I thank my hon. Friend and she is right. We looked at this policy carefully over the summer—I am glad to see that the shadow Chancellor is laughing. I gather that at a lively shadow Cabinet meeting they could not agree on their policy. We looked at this in detail, and a pure graduate tax does not work. I recommend to the Opposition the document “Why not a Pure Graduate Tax?”, published by the Department for Education and Skills under the previous Government. It points out that
“there is no guarantee universities would receive the additional funding raised. There would be no direct relationship between what the student paid and the…value…of their course.”
A graduate tax would put up the deficit as it would not break even until 2041. It is a completely flawed policy, totally unworkable and expensive. As a first choice of policy to go out on, it is a complete disaster.
Q6. This year, four British scientists have gained Nobel prizes, confirming their position in the premier league of world science. The comprehensive spending review gives an opportunity to identify areas for investment as well as reducing costs. Does the Prime Minister agree that, with the US, Germany, France and other countries increasing their expenditure on science, it would be prudent for Britain to do likewise? (16435)
It is vital that we retain a good science budget and invest in our science base, but I cannot hide from the hon. Gentleman—or anyone in this House—the fact that we inherited a budget deficit of £155 billion. [Interruption.] I know that the Opposition do not like hearing it, but it is the truth. Those are the facts, and we have to deal with that. We will do what we can to ensure that as we go through this process we help to keep science and scientists in this country. That is what we must do, but it is very difficult to make all areas immune from the spending reductions forced on us by the complete incompetence of the people now sitting on the Opposition Benches.
Q7. In the past two years, Britain’s cold weather payments were increased to £25, but the small print of this year’s legislation does not contain that guarantee. Is the Prime Minister really saying that 4 million of Britain’s poorest families and pensioners will have their payments cut by two thirds and receive just £8.50 this year? (16436)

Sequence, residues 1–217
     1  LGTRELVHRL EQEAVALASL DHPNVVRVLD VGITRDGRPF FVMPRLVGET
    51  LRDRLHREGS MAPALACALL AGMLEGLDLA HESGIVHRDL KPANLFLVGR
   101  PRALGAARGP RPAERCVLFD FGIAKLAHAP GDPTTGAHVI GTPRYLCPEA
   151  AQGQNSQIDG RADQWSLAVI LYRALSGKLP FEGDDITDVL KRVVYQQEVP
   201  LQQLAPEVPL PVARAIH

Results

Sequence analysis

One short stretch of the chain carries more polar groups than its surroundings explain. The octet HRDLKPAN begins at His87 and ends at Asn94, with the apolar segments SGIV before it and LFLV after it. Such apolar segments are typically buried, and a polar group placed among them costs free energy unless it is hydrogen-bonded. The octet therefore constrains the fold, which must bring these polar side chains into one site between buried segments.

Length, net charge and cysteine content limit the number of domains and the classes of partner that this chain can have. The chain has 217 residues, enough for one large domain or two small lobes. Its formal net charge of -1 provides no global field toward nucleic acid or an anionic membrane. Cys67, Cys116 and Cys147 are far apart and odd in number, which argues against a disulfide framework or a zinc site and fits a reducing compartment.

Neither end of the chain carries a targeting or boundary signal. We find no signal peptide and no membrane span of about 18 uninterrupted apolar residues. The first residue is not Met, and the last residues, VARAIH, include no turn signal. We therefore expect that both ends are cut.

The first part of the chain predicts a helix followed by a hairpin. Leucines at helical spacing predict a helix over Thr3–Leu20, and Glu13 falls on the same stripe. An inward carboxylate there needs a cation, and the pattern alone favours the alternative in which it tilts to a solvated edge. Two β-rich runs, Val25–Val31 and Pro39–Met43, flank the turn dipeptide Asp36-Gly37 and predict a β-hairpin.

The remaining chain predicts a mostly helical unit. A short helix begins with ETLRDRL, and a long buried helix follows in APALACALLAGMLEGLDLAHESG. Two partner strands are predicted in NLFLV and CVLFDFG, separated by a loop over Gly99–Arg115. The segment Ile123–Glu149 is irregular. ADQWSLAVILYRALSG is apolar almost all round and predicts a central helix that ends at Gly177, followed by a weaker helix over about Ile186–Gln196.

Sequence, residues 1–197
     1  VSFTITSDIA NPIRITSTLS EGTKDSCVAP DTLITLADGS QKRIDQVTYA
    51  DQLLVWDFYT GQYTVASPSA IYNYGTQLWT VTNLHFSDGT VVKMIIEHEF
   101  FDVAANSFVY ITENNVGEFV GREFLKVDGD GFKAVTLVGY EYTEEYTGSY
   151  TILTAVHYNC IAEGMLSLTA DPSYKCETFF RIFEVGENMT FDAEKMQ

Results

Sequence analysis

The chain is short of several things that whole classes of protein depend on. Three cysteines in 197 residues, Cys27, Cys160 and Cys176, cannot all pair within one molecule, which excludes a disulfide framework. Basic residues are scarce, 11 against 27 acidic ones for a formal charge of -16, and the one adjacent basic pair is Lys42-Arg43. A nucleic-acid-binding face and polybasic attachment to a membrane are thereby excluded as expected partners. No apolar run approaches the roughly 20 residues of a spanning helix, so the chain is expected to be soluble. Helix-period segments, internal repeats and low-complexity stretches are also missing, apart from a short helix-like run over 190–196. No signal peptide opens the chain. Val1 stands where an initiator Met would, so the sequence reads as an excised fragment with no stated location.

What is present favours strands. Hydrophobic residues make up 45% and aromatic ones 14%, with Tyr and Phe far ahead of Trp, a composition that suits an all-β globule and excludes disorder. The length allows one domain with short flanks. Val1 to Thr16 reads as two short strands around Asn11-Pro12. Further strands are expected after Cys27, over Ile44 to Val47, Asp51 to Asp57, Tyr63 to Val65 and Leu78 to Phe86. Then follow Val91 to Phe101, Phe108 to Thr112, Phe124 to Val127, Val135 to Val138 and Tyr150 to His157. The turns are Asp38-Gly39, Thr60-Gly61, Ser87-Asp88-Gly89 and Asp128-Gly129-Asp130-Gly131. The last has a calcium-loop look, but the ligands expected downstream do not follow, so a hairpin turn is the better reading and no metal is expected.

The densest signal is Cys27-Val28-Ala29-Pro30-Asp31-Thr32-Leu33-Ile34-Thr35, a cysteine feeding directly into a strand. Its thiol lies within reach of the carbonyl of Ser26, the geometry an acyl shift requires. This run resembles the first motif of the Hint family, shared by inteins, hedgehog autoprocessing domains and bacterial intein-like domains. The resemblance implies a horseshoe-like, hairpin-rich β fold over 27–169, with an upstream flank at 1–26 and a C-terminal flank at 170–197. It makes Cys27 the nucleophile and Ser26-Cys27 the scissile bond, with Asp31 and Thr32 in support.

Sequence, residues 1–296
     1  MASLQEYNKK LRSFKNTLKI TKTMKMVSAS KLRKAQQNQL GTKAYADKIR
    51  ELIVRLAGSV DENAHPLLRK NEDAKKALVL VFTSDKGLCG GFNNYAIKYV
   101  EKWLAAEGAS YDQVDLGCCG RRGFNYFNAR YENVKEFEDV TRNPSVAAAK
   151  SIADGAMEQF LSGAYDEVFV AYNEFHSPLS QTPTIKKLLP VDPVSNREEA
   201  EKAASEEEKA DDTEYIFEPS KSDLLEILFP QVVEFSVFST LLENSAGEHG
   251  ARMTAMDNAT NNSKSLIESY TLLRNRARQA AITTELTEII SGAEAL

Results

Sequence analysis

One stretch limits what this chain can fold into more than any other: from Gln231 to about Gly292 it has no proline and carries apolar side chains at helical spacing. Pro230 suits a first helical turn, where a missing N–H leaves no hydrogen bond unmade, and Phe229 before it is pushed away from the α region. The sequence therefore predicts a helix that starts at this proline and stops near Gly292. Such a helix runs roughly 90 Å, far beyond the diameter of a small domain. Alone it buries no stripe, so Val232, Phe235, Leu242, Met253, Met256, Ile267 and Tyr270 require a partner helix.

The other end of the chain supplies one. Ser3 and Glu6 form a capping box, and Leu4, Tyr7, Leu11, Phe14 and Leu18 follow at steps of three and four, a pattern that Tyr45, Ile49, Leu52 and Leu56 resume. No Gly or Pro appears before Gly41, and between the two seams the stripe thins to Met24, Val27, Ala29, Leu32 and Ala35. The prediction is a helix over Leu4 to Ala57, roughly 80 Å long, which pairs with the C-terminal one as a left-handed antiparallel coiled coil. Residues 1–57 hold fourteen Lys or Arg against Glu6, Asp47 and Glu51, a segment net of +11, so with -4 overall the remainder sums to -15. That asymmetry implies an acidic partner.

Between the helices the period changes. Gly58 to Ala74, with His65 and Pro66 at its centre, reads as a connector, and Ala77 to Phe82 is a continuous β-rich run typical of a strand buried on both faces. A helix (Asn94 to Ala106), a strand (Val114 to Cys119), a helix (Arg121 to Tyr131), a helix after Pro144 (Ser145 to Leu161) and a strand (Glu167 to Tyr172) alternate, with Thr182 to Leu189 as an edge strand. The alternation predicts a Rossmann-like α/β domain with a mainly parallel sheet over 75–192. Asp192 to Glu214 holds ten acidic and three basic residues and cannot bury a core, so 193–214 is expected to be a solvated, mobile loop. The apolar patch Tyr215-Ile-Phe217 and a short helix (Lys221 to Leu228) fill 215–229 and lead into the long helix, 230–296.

The hon. Gentleman will know, as he worked closely with the previous Prime Minister, that there was never a guarantee about the scheme. We will look at it carefully and make our announcement in the spending review. [Interruption.] He asked a question; he might wait for the answer. He will have an announcement in the spending review.
Q13. Clare Rayner, the president of the Patients Association, sadly died yesterday. Her final words were a warning to the Prime Minister that if he screws up the NHS she is going to come back and haunt him. With the enormity of the financial crisis becoming ever clearer and the comprehensive spending review getting closer, can the Prime Minister reassure the House that we will honour our commitment to spend more on the NHS and improve outcomes to match the best in Europe? (16442)
I am grateful for what my hon. Friend says. I was brought up listening to Dr Rayner on Capital Radio, and I would never want to do anything to upset her or her memory. The House will know that we have protected the national health service and will invest in it, unlike the Opposition, who proposed to cut it.
Q8. The Prime Minister is aware that many small Presbyterian Mutual Society savers are at wits’ end corner. When do we expect to have a satisfactory conclusion to this whole issue, and will he assure the House that the Government will recognise the danger of a double-dip recession in Northern Ireland when the Chancellor makes his speech next week? (16437)
I know that the hon. Gentleman knows how difficult this issue with the PMS is. Achieving a fair resolution is not easy. I believe that we will have it done by the announcement of the spending review on 20 October. That is our goal. An announcement will be made, and he will be able to explain to his constituents what we are going to do.
Q12. This past summer, my constituents in Bromsgrove have had to endure Travellers trespassing on their land, vandalising it and causing thousands of pounds of damage. Will my right hon. Friend consider bringing forward legislation to create a new offence of intentional trespass, so that people who go on to land without the owner’s permission can be prosecuted without the need for a court order? (16441)